Aims: Patients with critical limb ischemia (CLI) have an increased risk of major amputation. The initial treatment approach for CLI may significantly impact the subsequent risk of major amputation or death. The objective of this study was to describe the initial treatment approaches of patients with CLI and the limb outcomes associated with each approach. Methods: Data from MarketScan Commercial and Medicare Supplemental Databases from January 2006–December 2014 was utilized. Cohorts of CLI patients were defined as follows: (1) peripheral vascular intervention (PVI); (2) peripheral vascular surgery (PVS); (3) minor amputation without concomitant PVI or PVS (MinAMP); and (4) Patients without PVI, PVS, or MinAMP (conservative therapy). The odds of major amputation or inpatient death were estimated using the Cox proportional hazards model. For those patients requiring a major amputation, the incremental expenditures per member per month (PMPM) were estimated using a gamma log-link model. Results: Conservative therapy was associated with significantly higher odds of major amputation or inpatient death compared to patients who underwent minor amputation (1.59-times), PVI (2.08-times), or PVS (2.12-times). Patients treated with an initial strategy of minor amputation also had higher odds of major amputation or inpatient death compared to PVS (1.31-times) or PVI (1.33-times). The estimated incremental expenditures PMPM for patients with a major amputation was $5,165. Conclusions: Revascularization reduces the risk of a major amputation or inpatient death for patients with CLI when compared to conservative therapy. Major amputation is also associated with significantly higher healthcare expenditures.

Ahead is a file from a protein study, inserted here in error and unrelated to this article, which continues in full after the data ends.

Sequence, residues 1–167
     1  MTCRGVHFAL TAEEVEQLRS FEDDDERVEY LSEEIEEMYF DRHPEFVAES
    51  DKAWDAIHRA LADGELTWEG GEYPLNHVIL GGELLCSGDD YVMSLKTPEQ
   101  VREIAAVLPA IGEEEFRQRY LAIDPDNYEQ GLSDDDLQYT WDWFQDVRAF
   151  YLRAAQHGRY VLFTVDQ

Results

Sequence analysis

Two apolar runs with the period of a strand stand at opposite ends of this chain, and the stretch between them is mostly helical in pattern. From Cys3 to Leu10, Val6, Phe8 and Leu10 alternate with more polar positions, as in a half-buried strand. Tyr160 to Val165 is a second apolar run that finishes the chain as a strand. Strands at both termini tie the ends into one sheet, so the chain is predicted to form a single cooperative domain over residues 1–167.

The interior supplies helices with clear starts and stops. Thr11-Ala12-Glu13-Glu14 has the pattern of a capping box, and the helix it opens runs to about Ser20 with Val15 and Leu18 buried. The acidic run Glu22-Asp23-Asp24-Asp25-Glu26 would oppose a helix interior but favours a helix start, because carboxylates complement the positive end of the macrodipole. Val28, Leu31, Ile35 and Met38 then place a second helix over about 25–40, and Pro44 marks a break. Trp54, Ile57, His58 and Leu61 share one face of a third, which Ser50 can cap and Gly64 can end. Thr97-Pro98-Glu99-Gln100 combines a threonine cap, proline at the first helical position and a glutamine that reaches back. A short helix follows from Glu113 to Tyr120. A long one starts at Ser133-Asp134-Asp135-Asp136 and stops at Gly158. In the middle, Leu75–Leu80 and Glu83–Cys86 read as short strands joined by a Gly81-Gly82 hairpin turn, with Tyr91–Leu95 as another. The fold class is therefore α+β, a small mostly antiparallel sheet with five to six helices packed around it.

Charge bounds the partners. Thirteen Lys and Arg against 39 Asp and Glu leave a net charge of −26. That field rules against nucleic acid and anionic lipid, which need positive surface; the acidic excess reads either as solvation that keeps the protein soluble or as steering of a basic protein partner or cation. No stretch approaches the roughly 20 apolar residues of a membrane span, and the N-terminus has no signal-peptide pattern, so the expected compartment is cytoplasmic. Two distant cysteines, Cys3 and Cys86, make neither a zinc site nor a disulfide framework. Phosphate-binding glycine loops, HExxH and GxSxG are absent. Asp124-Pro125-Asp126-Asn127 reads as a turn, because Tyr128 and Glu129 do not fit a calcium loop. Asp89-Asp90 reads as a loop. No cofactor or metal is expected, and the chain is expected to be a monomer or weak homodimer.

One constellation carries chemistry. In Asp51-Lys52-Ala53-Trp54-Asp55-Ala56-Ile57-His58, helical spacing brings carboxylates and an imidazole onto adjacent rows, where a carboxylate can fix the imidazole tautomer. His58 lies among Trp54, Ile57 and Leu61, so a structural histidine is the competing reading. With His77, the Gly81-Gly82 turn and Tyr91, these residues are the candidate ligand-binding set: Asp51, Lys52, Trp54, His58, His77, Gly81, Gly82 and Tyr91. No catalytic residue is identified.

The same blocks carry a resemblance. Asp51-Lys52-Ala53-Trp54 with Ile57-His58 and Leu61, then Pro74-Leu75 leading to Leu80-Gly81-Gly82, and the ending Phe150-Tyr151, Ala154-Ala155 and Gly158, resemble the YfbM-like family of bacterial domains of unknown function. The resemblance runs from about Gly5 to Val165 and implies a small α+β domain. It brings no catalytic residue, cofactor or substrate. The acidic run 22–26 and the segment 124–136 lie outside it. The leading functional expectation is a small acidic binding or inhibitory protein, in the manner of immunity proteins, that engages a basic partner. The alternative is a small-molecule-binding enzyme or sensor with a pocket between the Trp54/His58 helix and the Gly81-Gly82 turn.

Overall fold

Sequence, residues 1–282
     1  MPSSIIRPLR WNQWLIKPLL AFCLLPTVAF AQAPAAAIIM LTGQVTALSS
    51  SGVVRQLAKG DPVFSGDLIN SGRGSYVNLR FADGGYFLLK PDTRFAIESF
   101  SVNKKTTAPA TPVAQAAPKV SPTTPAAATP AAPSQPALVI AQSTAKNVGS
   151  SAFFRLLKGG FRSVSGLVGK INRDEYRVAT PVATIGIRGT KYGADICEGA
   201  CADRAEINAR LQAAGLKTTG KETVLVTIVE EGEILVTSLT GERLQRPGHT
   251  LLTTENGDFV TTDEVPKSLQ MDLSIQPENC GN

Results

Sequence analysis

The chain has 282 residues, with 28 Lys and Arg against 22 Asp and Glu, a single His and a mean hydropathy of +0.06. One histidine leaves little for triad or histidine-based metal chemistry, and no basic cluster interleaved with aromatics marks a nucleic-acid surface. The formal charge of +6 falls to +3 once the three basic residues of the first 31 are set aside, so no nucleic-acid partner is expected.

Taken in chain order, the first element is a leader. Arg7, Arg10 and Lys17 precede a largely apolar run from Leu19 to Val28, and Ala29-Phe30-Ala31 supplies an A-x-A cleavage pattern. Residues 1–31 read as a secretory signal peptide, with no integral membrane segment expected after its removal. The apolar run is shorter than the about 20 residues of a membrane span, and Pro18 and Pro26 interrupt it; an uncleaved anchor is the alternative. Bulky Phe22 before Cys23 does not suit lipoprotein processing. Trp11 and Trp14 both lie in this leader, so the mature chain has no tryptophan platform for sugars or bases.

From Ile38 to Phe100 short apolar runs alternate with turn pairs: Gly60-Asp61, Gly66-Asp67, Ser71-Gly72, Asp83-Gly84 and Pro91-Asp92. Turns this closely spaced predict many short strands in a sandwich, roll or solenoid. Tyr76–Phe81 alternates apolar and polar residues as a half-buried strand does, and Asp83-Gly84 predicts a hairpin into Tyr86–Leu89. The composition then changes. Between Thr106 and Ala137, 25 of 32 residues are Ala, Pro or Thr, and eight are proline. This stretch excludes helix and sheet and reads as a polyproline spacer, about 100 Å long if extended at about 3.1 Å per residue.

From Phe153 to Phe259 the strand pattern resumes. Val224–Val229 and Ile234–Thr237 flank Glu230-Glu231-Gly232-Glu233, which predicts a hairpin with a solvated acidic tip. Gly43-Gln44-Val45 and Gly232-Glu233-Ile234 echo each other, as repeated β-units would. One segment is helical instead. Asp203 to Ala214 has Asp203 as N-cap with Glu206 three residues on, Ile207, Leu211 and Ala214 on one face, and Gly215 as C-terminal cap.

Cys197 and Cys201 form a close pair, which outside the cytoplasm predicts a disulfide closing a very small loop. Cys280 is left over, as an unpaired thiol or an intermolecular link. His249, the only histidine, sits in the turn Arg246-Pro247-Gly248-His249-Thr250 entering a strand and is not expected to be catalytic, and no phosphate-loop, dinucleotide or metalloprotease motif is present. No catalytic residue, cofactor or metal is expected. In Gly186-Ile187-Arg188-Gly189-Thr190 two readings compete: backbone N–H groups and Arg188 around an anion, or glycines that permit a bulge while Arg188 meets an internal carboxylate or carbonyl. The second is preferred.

ASJC Scopus subject areas
- Health Policy